On Nelson Mandela Day (18 July), we are sharing the full text of our interview with Brian Filling, Chair of the Nelson Mandela Scottish Memorial Foundation and Honorary Consul for South Africa in Scotland. We interviewed Brian for our Congress Programme 2018.
Can you tell us about the role of trade unions in the anti-apartheid struggle?
Trade Unions in Britain were great supporters of the anti-apartheid movement. The STUC was ahead of the TUC in many ways because they recognised the South African Congress of Trade Unions (SACTU) and the ANC years before the TUC. In comparison, the TUC tried to work with the “Uncle Tom” trade unions – the white dominated Trade Union Council of South Africa, but the STUC never did. It wasn’t until 1981 that the TUC changed its policy.
NALGO (now UNISON) Glasgow City Branch gave the Anti-Apartheid Movement Scottish Committee an office to use. Another notable example was the RMT – at that time the National Seamen Union – who staged an extremely successful boycott of shipping North Sea oil to South Africa. USDAW members in Dunnes Stores in Ireland held a very successful boycott of South African goods.
BIFU, the banking union, now part of UNITE the Union, and many others like the Civil Service unions, Transport & General Workers Union and the AEUW, the engineers’ union, also did a lot of important work. And of course, so many individual branches across Scotland invited speakers from the campaign to meetings, they raised funds, they hosted exiled South African trade unionists; it really did spread rapidly, and the trade unions were the bed rock of the support for the campaign, and often dug it out of financial trouble.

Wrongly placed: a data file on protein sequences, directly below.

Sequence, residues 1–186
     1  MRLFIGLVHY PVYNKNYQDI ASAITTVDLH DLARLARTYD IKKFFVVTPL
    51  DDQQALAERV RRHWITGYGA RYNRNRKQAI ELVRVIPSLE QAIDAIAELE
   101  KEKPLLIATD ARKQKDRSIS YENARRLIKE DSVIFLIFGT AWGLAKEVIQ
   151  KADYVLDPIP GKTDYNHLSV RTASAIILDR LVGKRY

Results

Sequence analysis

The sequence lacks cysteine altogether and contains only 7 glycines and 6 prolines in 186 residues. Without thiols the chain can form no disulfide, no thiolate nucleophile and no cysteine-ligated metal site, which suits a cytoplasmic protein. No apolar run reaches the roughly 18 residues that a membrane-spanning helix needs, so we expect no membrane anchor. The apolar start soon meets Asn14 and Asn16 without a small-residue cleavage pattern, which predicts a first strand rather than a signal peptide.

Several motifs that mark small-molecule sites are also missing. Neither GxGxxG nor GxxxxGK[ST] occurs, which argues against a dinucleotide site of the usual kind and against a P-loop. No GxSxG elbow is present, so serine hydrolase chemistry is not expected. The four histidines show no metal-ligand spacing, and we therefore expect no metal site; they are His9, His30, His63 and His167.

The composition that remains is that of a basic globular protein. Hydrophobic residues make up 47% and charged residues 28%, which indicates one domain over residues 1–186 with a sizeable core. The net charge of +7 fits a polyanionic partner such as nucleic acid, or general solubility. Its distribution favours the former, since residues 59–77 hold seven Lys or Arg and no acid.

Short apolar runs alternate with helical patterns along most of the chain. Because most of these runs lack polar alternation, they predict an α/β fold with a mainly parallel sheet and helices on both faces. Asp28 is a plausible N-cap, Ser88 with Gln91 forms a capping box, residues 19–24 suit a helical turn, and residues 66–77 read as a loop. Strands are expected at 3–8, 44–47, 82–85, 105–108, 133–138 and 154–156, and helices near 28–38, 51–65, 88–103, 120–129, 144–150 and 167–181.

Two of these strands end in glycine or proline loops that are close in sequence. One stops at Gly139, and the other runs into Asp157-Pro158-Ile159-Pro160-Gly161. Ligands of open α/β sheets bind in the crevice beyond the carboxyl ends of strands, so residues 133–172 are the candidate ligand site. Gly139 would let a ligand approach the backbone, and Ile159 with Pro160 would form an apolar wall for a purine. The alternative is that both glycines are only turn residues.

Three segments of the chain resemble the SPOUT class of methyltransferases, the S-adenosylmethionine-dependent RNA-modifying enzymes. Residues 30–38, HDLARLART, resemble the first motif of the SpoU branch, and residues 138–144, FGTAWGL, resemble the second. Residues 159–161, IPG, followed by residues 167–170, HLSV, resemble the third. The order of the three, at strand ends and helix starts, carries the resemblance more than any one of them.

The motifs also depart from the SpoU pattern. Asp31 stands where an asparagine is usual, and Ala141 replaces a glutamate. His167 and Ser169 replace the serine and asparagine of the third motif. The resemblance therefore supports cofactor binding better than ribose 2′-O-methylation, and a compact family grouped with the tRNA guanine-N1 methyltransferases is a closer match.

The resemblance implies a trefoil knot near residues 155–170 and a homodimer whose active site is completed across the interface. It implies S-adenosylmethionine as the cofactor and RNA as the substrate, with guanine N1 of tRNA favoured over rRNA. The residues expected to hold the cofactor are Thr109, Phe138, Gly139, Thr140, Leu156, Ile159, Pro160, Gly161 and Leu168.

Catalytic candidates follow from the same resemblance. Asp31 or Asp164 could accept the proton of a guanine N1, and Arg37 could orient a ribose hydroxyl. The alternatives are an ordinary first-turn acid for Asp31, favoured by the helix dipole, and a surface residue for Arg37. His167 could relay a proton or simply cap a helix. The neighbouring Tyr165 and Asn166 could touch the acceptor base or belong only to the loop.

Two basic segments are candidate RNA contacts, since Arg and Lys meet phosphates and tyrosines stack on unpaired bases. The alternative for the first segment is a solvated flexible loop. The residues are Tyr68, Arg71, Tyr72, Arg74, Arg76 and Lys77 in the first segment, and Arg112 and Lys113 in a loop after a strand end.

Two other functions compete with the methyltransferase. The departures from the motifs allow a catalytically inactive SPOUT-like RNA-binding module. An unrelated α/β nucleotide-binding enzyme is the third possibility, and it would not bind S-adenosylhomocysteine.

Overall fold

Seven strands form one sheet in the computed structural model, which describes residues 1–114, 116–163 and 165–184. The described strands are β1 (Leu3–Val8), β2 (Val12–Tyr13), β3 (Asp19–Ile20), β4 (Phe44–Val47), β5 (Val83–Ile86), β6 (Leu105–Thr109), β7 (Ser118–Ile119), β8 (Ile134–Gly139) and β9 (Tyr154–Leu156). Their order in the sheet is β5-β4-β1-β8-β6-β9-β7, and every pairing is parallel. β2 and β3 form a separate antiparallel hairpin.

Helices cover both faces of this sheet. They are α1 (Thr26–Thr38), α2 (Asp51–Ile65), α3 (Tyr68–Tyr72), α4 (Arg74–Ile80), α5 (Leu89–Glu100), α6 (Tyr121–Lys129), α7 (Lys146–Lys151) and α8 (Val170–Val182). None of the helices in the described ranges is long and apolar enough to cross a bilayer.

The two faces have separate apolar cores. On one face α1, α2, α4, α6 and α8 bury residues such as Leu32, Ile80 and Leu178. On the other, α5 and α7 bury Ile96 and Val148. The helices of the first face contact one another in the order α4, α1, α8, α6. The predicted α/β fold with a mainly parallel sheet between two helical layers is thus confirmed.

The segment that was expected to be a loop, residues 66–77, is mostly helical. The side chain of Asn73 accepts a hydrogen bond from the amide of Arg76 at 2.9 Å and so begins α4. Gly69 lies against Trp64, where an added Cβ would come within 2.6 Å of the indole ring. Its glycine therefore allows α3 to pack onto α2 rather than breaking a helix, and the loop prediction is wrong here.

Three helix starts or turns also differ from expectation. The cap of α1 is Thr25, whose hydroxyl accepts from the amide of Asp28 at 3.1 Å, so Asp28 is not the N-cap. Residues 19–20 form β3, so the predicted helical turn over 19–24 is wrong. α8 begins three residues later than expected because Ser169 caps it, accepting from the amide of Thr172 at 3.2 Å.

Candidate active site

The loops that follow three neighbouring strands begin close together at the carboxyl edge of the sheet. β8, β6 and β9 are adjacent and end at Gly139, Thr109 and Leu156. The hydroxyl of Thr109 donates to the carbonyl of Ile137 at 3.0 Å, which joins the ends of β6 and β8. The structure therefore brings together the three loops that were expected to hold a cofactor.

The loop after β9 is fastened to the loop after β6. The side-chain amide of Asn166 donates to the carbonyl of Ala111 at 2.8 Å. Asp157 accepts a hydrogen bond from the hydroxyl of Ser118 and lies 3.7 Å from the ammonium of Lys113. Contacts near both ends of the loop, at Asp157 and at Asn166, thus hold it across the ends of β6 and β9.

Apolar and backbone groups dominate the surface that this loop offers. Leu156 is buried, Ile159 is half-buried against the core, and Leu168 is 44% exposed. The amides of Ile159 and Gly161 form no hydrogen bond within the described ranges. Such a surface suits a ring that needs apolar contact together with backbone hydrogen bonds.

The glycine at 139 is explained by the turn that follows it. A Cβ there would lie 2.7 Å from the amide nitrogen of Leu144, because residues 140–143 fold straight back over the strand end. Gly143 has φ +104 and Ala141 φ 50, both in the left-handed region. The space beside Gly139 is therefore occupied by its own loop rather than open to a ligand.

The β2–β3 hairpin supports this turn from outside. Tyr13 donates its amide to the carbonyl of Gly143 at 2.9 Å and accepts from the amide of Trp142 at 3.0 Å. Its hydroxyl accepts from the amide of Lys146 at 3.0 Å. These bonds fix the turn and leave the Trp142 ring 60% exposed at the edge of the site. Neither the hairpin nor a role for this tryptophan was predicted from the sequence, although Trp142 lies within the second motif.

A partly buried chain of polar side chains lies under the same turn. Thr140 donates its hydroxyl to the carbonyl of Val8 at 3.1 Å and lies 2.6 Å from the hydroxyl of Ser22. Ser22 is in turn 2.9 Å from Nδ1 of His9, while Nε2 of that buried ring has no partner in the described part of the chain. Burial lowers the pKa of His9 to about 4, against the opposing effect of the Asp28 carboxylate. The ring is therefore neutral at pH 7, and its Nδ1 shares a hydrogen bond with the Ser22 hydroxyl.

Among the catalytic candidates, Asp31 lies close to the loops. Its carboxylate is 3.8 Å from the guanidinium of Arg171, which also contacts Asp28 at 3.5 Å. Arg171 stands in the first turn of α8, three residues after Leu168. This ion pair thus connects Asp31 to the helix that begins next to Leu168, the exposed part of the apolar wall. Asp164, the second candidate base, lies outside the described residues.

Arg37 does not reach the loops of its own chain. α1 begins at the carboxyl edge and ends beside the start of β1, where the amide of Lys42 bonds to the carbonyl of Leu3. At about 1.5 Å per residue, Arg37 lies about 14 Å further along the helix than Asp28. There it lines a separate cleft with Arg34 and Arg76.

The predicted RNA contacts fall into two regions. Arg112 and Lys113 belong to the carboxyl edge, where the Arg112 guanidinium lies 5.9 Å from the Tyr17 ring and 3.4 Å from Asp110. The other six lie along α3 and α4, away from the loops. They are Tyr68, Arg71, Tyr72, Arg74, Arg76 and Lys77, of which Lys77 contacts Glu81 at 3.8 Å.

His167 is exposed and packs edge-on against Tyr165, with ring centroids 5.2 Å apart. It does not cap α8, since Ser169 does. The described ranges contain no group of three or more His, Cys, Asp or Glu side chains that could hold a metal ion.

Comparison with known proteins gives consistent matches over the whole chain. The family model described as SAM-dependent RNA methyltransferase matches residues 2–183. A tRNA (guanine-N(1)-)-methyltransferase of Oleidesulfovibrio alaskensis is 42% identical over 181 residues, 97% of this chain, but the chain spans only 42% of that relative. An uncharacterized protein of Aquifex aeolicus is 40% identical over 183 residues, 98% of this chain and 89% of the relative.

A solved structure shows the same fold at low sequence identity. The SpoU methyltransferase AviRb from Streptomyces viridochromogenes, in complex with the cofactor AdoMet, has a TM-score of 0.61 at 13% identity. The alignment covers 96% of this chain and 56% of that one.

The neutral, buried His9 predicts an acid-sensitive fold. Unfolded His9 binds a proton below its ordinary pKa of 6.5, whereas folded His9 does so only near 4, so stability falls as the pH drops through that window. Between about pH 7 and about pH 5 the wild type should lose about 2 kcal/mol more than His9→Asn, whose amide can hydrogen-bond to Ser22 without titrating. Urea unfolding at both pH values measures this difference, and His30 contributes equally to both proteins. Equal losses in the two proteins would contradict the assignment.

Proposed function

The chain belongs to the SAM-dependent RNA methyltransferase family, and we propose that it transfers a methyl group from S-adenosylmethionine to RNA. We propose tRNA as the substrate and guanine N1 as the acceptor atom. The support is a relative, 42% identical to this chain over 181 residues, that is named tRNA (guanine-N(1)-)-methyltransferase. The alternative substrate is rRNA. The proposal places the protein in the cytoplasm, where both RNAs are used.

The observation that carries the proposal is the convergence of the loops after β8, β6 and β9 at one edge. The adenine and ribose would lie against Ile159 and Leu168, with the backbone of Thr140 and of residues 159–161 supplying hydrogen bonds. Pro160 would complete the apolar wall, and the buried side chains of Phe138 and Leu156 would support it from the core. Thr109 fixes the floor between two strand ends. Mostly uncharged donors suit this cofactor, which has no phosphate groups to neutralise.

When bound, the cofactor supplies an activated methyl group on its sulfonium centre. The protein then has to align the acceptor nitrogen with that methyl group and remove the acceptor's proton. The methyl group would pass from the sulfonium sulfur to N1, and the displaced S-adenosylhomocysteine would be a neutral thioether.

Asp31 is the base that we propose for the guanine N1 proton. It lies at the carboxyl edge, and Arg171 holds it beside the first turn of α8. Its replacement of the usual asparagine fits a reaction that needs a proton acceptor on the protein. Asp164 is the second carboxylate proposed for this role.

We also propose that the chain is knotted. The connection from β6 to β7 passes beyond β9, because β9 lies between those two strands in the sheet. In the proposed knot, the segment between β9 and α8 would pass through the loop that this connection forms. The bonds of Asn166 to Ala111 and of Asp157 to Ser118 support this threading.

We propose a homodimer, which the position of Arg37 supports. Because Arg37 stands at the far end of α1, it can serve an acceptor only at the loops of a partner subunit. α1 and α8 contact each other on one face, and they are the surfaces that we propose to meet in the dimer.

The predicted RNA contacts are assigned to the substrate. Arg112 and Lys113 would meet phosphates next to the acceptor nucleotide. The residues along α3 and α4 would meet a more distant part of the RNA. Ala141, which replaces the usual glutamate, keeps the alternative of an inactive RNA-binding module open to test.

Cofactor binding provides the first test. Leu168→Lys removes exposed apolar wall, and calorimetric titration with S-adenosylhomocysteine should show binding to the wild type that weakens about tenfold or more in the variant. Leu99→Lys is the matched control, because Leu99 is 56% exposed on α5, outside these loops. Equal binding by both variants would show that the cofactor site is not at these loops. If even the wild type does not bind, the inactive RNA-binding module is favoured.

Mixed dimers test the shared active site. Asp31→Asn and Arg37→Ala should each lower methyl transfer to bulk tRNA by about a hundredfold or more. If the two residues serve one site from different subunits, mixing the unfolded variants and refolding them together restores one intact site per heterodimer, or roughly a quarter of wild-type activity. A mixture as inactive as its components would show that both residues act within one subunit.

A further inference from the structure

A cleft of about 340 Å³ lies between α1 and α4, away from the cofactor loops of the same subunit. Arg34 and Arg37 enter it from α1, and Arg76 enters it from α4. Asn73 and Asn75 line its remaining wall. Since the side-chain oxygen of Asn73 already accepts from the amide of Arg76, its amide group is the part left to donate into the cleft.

In later years, the STUC invited speakers from the Congress of South African Trade Unions (COSATU) and South African TUC (SATUC) to Congress, and Scottish affiliates would invite delegates from their sister South African unions, so there was always a lot of support and activity. In 1994, six months after the first election and the end of apartheid, we took a 30-strong delegation to South Africa, including six STUC General Council members. It was a fantastic experience for everyone – we were hosted in Parliament by the Deputy Foreign Minister, who had previously been in exile. We were invited to visit a hospital and over 300 stewards were there to welcome us. Even though they were poor and didn’t have very much, they put on a party that lasted well into the night. It was unforgettable.
Can you tell us about the South African trade union movement during the apartheid period and its role in the struggle?
In the early 1960s, when Mandela was arrested along with the others in the Rivonia trial, it really decapitated the anti-apartheid movement in South Africa. Many leading people had been sent out of SA, like Oliver Tambo who moved to London in 1960, because it was so dangerous, they knew they were going to be caught and imprisoned.
This was the time of the Sharpesville massacre (March 1960), a watershed moment in the struggle, marking a move to a more violent, more intense period of state repression. In response, the ANC took up the armed struggle. Mandela became commander-in-chief of Umkhonto weSizwe (“Spear of the Nation”) or ‘MK’. They were still organising underground, but they kept getting arrested, being killed in prison. It really was a particularly hard time for the struggle after Rivonia, but eventually a new generation emerged. A key date was 1976 with the Soweto uprising, a lot of students were killed, and it acted as a recruiting aid, a lot of people left to join the armed struggle, literally 1000s joined the armed struggle.
There had always been trade unions in SA but they were banned, of course, for much of this time, and trade union members suffered harassment, imprisonment, torture and assassination. A contradiction in apartheid was that you would get some groups of workers coming together and forming a union, and the employer would negotiate with them, even though they were banned. The Apartheid government was left in a difficult position, and of course they tried to clamp down, they could see that trade unions were a way in which South Africans could join together and claim some power. It was particularly common in mining – Cyril Ramaphosa formed the National Union of Mineworkers in 1982 and successfully fought for an end to the job reservation system, which ensured that the best paid jobs went to white people. The NUM became the largest union in South Africa. Of course, Ramaphosa is now the President of South Africa.